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On November 20, 2016, jeremy commented on Making it rain…Chinese Red Packets :

Definitely feels like a land grab for internet payment systems. But good to see some Chinese tradition discussed here as well.

Interesting and important topic! The closer you look, the more fault (crime) you find. These data then feed back into the system for prediction. My point is, the system could be cyclical. It reminds me of the drug war that predominantly affected African Americans. Once you start with American American community for marijuana-related incidents, even without knowing the race of the people involved, the system as you described will increasingly flag African American communities. As we know, US cities are still quite racially segregated. And it is known that white people are much less likely to be searched, arrested, and punished for marijuana possession or use – and would this system lead to less search in white communities? I am just worried that biases could be introduced despite claim of neutrality and the effects can be cyclical.

On November 20, 2016, jeremy commented on Tencent’s Wechat: The end of small apps? :

I certainly noticed this trend as well. I am however not bullish on the model WeChat incorporating too many functions. Certainly maybe it works in China, but at some point this may just breakdown because no one can navigate an app that complicated.

My other thoughts, as a WeChat user, is that the functions are embedded too deep, and there is lack of cross-platform compatibility. For instance, I am not even sure you can look up the WeChat moments on a computer. I think the reason for other companies to break down big apps into smaller ones is to drive overall usage and engagement. WeChat is wildly successful, but just from a pure usability point of view, I think it has been stagnating compared to many popular apps outside of China. And I do not think WeChat has innovated much besides incorporating more and more IWP which I barely use.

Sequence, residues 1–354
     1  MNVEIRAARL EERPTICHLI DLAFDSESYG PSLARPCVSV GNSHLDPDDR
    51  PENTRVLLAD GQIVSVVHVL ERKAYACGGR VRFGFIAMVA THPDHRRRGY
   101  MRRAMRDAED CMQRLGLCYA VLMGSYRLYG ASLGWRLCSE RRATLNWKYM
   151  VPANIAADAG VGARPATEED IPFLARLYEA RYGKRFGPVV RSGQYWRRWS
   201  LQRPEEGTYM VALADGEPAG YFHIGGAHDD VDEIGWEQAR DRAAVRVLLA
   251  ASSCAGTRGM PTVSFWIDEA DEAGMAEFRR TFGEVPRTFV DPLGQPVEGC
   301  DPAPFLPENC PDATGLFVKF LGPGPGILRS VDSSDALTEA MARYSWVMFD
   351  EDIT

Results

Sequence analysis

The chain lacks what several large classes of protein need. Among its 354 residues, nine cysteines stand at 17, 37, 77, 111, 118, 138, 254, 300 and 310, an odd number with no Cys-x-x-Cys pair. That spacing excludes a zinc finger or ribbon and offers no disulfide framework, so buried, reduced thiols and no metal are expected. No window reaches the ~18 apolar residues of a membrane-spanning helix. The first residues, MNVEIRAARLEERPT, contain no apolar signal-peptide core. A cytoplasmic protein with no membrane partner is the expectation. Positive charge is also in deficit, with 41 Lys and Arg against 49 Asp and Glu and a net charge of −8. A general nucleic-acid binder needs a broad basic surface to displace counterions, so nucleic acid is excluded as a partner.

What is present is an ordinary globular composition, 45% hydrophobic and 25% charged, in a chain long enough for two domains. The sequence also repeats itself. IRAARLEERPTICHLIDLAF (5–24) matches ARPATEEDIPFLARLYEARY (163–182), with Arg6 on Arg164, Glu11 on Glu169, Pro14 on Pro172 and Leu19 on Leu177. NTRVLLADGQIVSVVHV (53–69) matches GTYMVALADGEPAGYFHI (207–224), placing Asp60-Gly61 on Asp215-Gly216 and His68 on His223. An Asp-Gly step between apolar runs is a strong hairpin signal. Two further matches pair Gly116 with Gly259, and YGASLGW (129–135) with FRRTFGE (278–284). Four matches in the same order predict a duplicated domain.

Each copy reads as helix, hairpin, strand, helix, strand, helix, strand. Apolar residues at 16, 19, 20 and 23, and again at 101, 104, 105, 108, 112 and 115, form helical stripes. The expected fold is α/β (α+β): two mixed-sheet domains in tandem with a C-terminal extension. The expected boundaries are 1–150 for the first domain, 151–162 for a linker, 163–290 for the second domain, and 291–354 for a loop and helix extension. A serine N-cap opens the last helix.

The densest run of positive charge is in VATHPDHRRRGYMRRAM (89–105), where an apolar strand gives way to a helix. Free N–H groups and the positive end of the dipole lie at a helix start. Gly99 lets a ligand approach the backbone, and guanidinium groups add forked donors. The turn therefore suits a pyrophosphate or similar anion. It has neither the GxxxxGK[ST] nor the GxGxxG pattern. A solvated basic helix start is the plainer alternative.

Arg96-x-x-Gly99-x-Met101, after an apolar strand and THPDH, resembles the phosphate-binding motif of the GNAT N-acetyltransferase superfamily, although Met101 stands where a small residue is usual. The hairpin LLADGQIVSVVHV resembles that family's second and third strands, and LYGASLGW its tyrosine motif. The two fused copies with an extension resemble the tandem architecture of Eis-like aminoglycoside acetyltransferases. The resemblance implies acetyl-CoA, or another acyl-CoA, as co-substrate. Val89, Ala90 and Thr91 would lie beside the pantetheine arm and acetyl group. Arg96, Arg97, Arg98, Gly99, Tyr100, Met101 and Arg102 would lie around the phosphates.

Thank you for sharing an interesting topic and company. I wonder what you think of their future over 10 years, given that electronic component makers have very uncertain futures. A few companies that came to mind are AMD/ATi, Motorola Semiconductor/Freescale, Broadcom, Qualcomm, Intel. They all experience significant roadblock as completion in the area is quite high. For IoTs, I believe there will also be many strong competitors for Skyworks. What’s your thoughts on the volatile nature of the industry?

On November 20, 2016, jeremy commented on Where Art Meets Engineering: Google Art Project :

I love art but I have never found looking at photos of art (even high resolution) is nearly as engaging. I wonder whether true virtual reality (where you can truly feel immersed and see it as if you are really there) would change the experience. I would like to see the painting up close, see the texture, and wonder about how the artist put all this together. Until the technology allows me to do that, I will still much prefer to see the art in person.

On November 20, 2016, jeremy commented on In a digital universe full of Marvel :

Interesting comparison! After some thinking, I find Marvel not an ideal collaborator for Niantic. Niantic produced a geographical game call Ingress before,[1] which laid the foundational work for building Pokemon Go. That game is quite similar to Pokemon Go. And the key element that makes it work, is that Pokemons can be found anywhere and there are so many. Existing Marvel universe doesn’t seem to fit into this model, as they are quite single character or characters focused. Marvel could innovate and create new storylines that encourage wider participation. X-Men came to mind. It would be interesting to see if in the future they do create something like this.

[1] Anon, Ingress. Ingress. Available at: [Accessed November 20, 2016].

On November 20, 2016, jeremy commented on In a digital universe full of Marvel :

I absolutely agree with the business and operational changes you proposed. I do think that Marvel movies are more accessible for women than the comics or the traditional format digitized or not. The idea about Pinterest is a good one: women are more likely to use it than men and how should Marvel leverage that?

For virtual reality technologies, my suspicion is that men will adopt it faster than women. There is already a fair amount of differences and gender inequality in video games.[1] I am not sure if VR will help change that, but there might be some opportunity there.

[1] 2013. The gender inequality in core gaming is worse than you think. VentureBeat. Available at: [Accessed November 20, 2016].